Vermont Yankee Closing: Advocacy and Activism Kept Pressure on Aging Plant

Sandy Levine | @CLFLevine

Conservation Law Foundation warmly welcomed the news that Vermont Yankee will soon close. The closure is long overdue for this tired old plant, following a history of leaks, false testimony, broken promises and poor management.

For over ten years, CLF has been actively showing that Vermont Yankee is not a good deal for Vermont. The state has been saddled with this poorly managed, uneconomic dinosaur for far too long, enduring environmental damage and the persistent threats to public health and safety that come with operating a nuclear power plant well beyond its planned life.

vermont-yankee

Image Credit: Tim Newcomb

With no place to put the waste that will remain dangerous for thousands of years, no power contract that would provide reliable and low cost power to Vermonters, and rapidly escalating costs to shut down and clean up the site—and little money available to make that happen—the numbers just never added up. The plant has been a pig in a poke for some time. The schemes from the plant’s wily owners to eke out a profit and keep the plant running, finally failed.

Vermont Yankee’s closure is good news for Vermont and the region’s economy and energy future. It heralds a transition away from older and polluting power supplies. Old technology, whether nuclear or coal-fired, cannot compete with newer, more efficient resources, renewable energy and energy efficiency. As New England undergoes a massive technology transition that hastens the demise of old polluting power plants throughout the region, we can begin investing in cleaner supplies that will meet our energy needs and create good, green jobs, instead of propping up polluting old plants and paying too much for their power.

Throughout the past decade, CLF added a strong oar pulling to move away from Vermont Yankee. We explained to state regulators, courts, legislatures, federal agencies and blue ribbon commissions the problems with water pollution, management and poor economics of the plant operation. Our advocacy built on a history of holding states and power plant owners responsible for acting in the best interest of ratepayers.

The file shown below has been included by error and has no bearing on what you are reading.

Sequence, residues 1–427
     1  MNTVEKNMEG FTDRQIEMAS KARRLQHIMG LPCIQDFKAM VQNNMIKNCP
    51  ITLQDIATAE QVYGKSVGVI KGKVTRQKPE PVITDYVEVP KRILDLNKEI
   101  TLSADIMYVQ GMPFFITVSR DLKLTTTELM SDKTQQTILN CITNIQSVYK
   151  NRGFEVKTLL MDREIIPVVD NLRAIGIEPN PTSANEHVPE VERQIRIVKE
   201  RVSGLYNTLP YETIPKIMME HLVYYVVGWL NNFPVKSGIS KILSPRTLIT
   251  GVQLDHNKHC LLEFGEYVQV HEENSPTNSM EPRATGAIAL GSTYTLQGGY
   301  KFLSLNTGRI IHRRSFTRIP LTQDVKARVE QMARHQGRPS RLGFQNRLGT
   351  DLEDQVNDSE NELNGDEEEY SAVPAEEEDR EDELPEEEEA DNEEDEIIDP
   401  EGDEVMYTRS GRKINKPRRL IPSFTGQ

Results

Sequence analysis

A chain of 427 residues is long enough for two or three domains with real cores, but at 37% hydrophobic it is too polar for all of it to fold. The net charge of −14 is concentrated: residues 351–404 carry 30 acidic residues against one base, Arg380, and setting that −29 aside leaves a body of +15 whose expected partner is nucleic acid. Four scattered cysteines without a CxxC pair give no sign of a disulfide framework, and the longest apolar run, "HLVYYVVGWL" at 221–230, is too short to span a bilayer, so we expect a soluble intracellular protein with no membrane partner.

In the 1980s, we led a successful campaign to prevent a second reactor from being built at the Seabrook Station nuclear power plant in New Hampshire because the economics didn’t make sense. In 2000, we helped avert a fire sale of Vermont Yankee that was a bad deal for Vermont ratepayers. And in 2006, CLF showed how cleaner energy efficiency could help meet our power needs and reduce the need for massive transmission that would prop up older plants.

Throughout New England, whether it’s these old nukes, or old coal-fired power plants, we and our allies—the people who have paid and continue to pay with their health, their wallets and their children’s futures to keep them running—are shaking the region from simply accepting business as usual. The demise of Vermont Yankee—and the Salem Harbor and Somerset Station coal plants—was the result a changing energy landscape brought about by  advocates like CLF, who held  plant owners to account year after year, and  built legal, political and popular support for a better deal for New Englanders. Who knows how much more life their owners may have tried to wring out of these old plants at our expense if CLF and others had not been there to keep the pressure on for them to move aside?

Economics and advocacy are closely intertwined. Regardless of which straw finally broke Yankee’s back, the end of these old, polluting power plants is clearing the way to a cleaner energy future in our region. Thanks to the persistence and dedication of many, that is now within our reach.

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